Originally Posted by TheeJayBee
I am planning a BTB for here. I've always liked creative writing from a wrestling stand-point and have done it for a good 5 years but never showcased my work. Well, I've done a whole lot of planning, watch some matches from the time frame, 2 PPV's (Wrestlemania XIX and Judgement Day 2003) to get a feel for things again, aswell as recapping Kane's un-masking and rampage that followed, Brock/Kurt's renewel of their epic rivalry including the Iron Man Match, and Vince/Sable etc.
I plan on kicking things off the night after Summerslam 2003. I've always thought that this would be a fun time frame to write in seeing as the roster was stacked with talent and options. First off, I'd like to know:
- Would a short recap of TV shows, Raw and Smackdown, be fine? Not one line for every segment, but rather, a paragraph or two? Not like, 3 or 4 lines, but enough to create an image in the readers head, get the point across, further things etc.? PPV's would be written in maximum detail which I think you are accustomed to around here, checking out the BTB Hall of Fame (some fantastic work! Bravo, WF!).
- Whats the deal with feedback? A few lines explaining what stood out to you and why, or a breakdown of every segment and whatnot?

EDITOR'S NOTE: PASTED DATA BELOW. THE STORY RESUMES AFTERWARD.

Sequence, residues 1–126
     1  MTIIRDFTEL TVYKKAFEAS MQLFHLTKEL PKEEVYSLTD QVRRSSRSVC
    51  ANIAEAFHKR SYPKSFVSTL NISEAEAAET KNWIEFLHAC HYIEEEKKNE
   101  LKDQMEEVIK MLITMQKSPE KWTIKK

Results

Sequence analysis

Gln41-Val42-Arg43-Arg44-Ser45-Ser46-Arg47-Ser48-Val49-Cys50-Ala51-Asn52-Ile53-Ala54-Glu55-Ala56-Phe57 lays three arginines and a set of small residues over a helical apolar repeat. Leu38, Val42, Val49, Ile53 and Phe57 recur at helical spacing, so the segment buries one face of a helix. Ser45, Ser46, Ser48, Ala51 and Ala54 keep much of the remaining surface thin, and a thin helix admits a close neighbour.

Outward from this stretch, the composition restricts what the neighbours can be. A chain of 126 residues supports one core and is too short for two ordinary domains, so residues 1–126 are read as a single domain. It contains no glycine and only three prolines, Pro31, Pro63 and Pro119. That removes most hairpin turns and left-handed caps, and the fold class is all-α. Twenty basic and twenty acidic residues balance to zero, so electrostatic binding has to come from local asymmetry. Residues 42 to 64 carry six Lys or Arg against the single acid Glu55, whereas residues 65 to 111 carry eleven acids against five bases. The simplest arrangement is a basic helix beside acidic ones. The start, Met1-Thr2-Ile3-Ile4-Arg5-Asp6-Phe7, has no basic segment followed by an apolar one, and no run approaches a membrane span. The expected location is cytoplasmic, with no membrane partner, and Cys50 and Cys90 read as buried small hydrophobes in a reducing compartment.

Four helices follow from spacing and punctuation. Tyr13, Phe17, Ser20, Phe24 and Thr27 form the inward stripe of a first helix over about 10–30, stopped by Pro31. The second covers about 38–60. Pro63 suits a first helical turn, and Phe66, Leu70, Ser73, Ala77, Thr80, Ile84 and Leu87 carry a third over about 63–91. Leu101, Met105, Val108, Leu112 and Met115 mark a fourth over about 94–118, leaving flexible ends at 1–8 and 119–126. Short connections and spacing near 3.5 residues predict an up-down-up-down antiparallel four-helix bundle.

To me, it sounds like you're in a good mindset already; reading Hall of Fame threads to get an idea of what the best of the best is, reviewing matches/storylines from the time period you're going to write, etc - it's a great way to prepare yourself, so props for not just throwing yourself in head-first like so many people (myself included) do so foolishly first time around.
If you can get the point across in your recaps, I'd be happy, tbh. It sounds like you're aiming to be descriptive, "create an image in the reader's head", so I say go for it, and see how it looks. As for feedback, people do a variety of things; myself, I look through every segment, because the writer wrote each segment for a reason, with an idea in mind. Even if you don't do that (which isn't an issue, it gets a bit weighty and I haven't given any feedback in seven months, if you can believe it
) and do
just go with what stood out, make sure you include a few points on what you thought the writer could improve upon, too. That way, everyone gets better, and hopefully the person will hit you back with some advice on how you
can improve. Best of luck.